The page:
X/O had something. Specifically, it had creative small plates, a dim, alluring interior, and a long wine list broken up into whimsical flights. It was a welcome addition to Boystown—a place worth returning to again and again.
And yet, returning again and again was apparently something not many people did. Maybe if we had, that wine list wouldn’t have morphed into an uninspired offering of six whites and six reds; maybe the small plates wouldn’t have been replaced by an overweight menu of generic standards. And maybe Halsted’s Bar & Grill would still be just a bad (and thankfully unrealized) idea.
But the story of Halsted’s is a common, unfortunate tale of the restaurant industry—restaurant does not do well, restaurant reconcepts to “give the people what they want”—and these tales rarely have a happy ending. Somehow, catering to the masses always seems to lead back to hamburgers and fried food.
Not that there’s anything wrong with burgers. Just the “Korean BBQ Bacon Cheese Burger,” an item that sounds like it has promise but that arrives soaked in an overly sweet barbecue sauce (the beef, for the record, hardly resembles Korean barbecue). Nothing wrong with fried food, either—in fact, the cauliflower fritters, with their uncommon creaminess, may be the one item that people here make multiple visits for. But most of this menu is perfect mediocrity. The “Club Halsted” chicken sandwich, a plump chicken breast topped with Gruyère and smoked ham, is good, but only as far as grilled chicken sandwiches go. The chicken in the chicken and waffles was fried nicely, the crisp crust giving way to hot, juicy meat, but it was terribly underseasoned, and the waffle was dense and heavy. The chimichurri fries came with a paprika mayo that had a nice bite to it—but upon closer inspection, the chimichurri on the fries seemed to not be chimichurri at all, but simply pesto. Comparing it with the spread on the grilled shrimp–basil–pesto pizza (an unattractive, soggy excuse for a pie), the two seemed identical. So, not only was the food insulting diner’s taste buds (the fish tacos were as bland as the flour tortillas they were served on), the chef was insulting our intelligence, too.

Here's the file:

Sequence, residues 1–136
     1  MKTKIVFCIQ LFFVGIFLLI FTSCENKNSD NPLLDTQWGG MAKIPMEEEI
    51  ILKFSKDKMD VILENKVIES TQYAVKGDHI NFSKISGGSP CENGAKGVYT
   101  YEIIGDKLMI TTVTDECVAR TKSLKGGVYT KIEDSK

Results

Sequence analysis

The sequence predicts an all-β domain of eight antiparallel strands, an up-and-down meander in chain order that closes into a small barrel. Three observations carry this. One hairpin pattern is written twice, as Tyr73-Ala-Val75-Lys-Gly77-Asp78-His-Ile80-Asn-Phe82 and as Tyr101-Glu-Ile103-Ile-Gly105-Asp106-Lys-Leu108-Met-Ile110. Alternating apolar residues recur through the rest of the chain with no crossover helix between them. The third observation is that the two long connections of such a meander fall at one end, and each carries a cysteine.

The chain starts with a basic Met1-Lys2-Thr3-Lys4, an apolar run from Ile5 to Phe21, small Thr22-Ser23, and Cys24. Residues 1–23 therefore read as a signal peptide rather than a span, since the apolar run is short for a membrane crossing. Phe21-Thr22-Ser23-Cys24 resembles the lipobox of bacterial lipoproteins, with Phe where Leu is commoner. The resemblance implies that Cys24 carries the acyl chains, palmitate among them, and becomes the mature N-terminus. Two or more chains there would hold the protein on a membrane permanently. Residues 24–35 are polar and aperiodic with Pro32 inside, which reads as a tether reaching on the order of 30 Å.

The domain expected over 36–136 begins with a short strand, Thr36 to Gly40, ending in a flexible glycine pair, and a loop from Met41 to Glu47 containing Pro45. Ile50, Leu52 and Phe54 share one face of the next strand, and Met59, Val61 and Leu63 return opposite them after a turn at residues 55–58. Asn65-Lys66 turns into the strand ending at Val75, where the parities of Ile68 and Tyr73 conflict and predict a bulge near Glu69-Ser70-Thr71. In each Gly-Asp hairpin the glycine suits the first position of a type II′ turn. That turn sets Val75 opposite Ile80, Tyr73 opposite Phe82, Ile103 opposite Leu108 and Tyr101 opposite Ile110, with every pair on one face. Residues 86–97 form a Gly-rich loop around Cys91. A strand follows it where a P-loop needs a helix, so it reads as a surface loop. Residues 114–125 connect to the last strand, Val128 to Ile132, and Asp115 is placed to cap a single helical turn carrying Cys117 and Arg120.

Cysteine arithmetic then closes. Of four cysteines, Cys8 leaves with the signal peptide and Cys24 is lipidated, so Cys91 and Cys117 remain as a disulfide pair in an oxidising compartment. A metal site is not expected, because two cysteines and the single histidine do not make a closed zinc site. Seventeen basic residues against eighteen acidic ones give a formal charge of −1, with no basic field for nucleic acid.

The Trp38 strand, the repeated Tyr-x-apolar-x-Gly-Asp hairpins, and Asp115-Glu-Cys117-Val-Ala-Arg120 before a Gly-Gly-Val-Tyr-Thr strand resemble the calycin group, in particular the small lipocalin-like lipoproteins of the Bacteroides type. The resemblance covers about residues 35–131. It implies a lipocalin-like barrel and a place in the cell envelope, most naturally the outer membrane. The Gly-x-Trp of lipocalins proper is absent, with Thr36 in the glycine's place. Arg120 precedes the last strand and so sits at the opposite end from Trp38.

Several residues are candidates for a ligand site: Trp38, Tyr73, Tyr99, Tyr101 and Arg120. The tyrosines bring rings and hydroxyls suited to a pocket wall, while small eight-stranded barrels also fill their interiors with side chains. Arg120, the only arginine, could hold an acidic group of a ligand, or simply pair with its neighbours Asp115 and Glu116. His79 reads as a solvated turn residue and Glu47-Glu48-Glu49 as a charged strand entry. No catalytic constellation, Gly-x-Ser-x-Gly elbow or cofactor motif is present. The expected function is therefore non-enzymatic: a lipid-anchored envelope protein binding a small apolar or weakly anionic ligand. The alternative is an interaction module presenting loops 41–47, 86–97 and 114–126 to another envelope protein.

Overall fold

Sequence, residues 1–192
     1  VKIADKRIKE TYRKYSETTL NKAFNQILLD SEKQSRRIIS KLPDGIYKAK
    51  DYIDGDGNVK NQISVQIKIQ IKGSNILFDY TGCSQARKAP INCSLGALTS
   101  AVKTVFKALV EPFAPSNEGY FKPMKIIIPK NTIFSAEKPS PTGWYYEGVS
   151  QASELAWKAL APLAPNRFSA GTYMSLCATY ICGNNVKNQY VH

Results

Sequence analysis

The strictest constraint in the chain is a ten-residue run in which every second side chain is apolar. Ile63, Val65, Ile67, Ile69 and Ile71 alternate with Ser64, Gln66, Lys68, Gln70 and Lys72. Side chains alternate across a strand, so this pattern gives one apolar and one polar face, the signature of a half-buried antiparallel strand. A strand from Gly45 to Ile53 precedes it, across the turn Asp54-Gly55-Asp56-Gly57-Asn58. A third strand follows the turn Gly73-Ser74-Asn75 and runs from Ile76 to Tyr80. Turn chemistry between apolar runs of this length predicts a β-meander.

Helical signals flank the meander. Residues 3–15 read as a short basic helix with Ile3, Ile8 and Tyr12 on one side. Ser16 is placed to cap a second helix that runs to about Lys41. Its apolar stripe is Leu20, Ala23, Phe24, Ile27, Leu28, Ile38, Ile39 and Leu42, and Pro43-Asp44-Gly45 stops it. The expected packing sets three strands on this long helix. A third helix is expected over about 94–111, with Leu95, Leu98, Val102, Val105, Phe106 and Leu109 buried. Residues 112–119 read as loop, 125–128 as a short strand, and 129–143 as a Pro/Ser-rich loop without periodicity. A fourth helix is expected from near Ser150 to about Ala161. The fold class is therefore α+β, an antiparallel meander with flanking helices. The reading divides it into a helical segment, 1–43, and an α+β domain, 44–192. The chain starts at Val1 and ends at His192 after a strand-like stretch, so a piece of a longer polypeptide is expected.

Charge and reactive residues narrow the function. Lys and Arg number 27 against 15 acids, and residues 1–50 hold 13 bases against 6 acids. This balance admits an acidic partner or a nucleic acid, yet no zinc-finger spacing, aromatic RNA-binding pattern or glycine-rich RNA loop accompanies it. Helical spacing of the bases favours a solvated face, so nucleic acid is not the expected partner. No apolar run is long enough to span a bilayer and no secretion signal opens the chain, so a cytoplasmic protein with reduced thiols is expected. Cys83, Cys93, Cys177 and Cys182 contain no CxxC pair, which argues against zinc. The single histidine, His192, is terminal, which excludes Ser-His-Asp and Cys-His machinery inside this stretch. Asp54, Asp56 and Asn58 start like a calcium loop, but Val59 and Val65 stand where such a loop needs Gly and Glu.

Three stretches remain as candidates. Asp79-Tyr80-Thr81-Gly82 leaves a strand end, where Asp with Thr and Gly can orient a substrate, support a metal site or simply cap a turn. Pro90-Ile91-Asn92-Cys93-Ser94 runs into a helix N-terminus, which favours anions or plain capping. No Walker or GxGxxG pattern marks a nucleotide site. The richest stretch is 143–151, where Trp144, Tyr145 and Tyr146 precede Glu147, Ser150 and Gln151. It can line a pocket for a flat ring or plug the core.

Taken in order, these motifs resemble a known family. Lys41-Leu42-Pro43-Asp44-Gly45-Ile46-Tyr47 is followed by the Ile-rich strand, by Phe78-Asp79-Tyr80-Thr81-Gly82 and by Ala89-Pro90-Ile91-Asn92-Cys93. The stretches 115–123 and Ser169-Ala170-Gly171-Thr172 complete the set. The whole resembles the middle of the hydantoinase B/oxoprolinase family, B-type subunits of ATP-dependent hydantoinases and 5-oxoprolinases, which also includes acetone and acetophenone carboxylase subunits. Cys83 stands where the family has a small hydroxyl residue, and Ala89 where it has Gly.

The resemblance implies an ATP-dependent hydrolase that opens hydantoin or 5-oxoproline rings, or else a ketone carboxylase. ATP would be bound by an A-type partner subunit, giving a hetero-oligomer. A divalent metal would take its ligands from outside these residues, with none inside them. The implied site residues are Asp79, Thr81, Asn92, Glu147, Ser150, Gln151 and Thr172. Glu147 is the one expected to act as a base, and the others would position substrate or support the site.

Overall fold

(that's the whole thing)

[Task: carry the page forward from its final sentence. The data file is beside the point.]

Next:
Yet, as much as the restaurant is to blame for the execution, it’s the customers that are to blame for the menu. On multiple visits we found the fabulous beer garden in back (pictured above during the height of Pride) filled to capacity, with burgers and bottles of wine being carried out with such frequency we wondered if we were the only ones who were paying. If the goal of Halsted’s Bar & Grill was to provide the neighborhood with what it wanted, it seems to be working. We can only hope that if the people start asking for better food, the owners will be just as willing to listen.